Anyway, several of you have asked about where I get my ideas and my motivation.  A surprising result of “just starting” with post #1 several years ago has been the sense of God’s presence as I write.  May you experience His presence in the endeavors He has given you to do.

Freedom From the Performance Trap

Another freedom our new identity affords us is freedom from the performance trap.  How many of us measure our worth by our performance; or more specifically, by how others react to our performance?

Ryan Kwon writes, in the context of church planting, about the performance trap.  “The gospel says, it was through Christ’s performance, not our performance, which makes our adoption possible.  So now He accepts us as His own, and that is our primary and supreme identity.  The world tells me, ‘I am what I do.’  But the gospel tells me, ‘I do what I am.’  For the Christian, our identity precedes our activity.  So our identity is not based on winning, or losing, on a big church, or a small church.  God can’t love us any more, and He can’t love us any less.  He cannot give us a higher identity than the status of perfection.  Through this gospel identity we release our insecurities and our turf wars.  As a result, it releases the mission of God into our cities.”

“Our identity precedes our activity.”  I like that.  We so often get this turned around.  We think we earn our identity by our performance.  Take, for example, the gift of generosity.  We think we earn the label of “generous person” because we give our money away.  But in reality, if generosity is one of your gifts, then you already are a generous person because God gave you that gift.  Giving money away is not to earn the label, it is the fruit of the gift.  Are we splitting hairs here?  Does it really matter which came first, the identity or the activity?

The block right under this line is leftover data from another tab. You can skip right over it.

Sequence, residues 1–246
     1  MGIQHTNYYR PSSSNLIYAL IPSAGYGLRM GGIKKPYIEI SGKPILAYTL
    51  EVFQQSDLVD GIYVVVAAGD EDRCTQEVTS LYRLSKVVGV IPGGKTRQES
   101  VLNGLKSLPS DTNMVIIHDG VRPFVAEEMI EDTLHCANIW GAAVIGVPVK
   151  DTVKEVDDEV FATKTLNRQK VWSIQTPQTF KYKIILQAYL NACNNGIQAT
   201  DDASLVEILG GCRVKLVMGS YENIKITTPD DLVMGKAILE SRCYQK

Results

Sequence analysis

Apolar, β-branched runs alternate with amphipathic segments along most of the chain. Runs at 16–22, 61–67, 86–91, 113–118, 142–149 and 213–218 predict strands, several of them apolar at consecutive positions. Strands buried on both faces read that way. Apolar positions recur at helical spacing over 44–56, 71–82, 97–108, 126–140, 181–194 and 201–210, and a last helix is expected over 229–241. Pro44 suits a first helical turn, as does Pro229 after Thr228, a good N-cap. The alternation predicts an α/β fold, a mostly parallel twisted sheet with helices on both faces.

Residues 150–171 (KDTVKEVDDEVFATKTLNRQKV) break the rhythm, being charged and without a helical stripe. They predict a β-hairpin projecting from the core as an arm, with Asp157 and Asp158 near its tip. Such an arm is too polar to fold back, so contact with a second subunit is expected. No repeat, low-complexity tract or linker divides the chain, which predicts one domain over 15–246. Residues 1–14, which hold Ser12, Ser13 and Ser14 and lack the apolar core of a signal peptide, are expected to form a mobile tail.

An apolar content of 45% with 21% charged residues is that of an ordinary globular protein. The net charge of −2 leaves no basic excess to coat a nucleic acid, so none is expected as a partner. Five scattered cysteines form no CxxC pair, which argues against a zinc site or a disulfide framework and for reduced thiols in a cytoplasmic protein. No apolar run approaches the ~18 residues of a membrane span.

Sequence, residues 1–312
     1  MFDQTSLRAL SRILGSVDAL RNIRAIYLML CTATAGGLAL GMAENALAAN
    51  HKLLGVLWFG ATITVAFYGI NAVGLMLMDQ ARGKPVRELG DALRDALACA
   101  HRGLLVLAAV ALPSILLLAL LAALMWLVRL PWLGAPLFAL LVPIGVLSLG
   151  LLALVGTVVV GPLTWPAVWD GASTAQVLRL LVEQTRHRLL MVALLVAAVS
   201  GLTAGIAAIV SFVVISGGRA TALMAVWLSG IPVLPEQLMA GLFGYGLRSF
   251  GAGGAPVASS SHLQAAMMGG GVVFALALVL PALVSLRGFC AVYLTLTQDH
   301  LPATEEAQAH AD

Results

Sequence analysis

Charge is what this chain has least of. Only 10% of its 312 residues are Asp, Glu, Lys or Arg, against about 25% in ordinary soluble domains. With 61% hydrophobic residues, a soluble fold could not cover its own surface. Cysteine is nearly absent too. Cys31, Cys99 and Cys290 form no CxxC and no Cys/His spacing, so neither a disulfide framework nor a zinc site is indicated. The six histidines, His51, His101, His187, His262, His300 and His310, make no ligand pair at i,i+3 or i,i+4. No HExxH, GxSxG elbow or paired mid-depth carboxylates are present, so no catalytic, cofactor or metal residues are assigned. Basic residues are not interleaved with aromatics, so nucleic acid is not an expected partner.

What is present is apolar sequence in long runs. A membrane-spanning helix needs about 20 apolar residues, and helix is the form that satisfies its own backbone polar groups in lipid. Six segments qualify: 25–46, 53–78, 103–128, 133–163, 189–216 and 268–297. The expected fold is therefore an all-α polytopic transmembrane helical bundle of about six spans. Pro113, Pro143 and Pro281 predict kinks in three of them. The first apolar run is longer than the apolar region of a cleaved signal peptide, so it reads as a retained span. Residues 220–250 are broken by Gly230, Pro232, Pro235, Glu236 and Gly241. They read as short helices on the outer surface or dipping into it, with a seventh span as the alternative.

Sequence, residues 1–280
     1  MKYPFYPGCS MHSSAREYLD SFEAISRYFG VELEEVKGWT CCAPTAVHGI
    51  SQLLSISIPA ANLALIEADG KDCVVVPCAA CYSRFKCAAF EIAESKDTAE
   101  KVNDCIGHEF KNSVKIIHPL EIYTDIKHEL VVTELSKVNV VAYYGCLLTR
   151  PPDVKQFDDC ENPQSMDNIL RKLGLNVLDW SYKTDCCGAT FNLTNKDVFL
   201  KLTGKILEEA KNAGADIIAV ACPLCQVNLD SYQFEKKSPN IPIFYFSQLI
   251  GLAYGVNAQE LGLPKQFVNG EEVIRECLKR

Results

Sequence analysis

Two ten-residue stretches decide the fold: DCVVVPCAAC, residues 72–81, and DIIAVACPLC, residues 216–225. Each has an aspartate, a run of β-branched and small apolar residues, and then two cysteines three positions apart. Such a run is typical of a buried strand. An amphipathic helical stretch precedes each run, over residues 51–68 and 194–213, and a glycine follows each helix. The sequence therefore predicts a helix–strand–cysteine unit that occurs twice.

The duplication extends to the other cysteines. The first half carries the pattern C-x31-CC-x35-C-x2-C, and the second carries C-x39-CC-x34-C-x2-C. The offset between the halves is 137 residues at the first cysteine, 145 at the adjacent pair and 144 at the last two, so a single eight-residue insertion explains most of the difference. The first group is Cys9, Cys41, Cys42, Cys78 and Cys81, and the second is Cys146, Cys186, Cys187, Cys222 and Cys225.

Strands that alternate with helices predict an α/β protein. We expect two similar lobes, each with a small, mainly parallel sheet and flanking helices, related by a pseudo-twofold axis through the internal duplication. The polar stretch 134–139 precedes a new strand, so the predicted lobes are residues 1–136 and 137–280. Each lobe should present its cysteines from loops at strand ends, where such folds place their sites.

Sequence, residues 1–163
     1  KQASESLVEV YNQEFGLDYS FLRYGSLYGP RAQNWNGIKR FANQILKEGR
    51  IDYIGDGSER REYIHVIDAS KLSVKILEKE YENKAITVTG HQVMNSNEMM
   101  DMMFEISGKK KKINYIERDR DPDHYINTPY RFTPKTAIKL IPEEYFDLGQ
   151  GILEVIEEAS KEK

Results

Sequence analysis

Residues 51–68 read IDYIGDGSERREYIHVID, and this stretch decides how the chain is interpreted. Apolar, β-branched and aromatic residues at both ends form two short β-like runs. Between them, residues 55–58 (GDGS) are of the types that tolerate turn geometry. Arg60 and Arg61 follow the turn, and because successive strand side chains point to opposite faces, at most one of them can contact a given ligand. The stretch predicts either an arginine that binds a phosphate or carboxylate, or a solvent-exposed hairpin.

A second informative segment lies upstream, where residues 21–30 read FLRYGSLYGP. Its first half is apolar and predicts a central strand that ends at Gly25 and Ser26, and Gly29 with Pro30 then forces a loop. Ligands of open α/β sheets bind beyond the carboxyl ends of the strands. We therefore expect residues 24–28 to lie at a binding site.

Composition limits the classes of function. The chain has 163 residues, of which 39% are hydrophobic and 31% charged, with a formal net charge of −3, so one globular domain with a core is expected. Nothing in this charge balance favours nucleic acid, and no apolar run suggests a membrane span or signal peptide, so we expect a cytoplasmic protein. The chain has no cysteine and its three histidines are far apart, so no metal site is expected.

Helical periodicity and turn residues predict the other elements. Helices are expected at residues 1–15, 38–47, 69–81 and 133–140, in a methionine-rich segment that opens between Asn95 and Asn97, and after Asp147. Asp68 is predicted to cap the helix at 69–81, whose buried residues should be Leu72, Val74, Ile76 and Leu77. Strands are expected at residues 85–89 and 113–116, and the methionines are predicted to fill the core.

I think it does for this reason.  When we recognize that our identity is wrapped up in who we are in Christ, we find our joy, our confidence, our self-worth in that new identity.  We do not rely on the opinion of others to validate who Christ already says we are.  When we find our value in what we accomplish in our activity…our joy, our confidence, and our self-worth are much more fluid being carried on the whims of what we or others think of our performance.

The world says, “I am defined by what I do, by what I have accomplished.”  God says, “You do what you do, you accomplish what you do, because of who you already are.”  Do you see the distinction?  It is not an excuse for laziness or lack of accomplishment.  God has given us plenty of good works to do.  It is a matter of motivation.  Stop seeing success as the key to your identity.  Instead, see your identity as the driving force behind doing what you do.  And when you do this, you will be set free from the performance trap.

Humility and Dignity

I once heard a speaker in a business setting say that he had no ego.  I had the same reaction that is probably going through your head right now, “Of course, he has an ego.  We all do.”  But as I thought about it later, I conceded that maybe pride is not an issue for him.  It is easy for me to project my challenges with pride onto others.  Do you think it is common for us to project our own besetting sins onto others and assume they are weighed down with the same issues?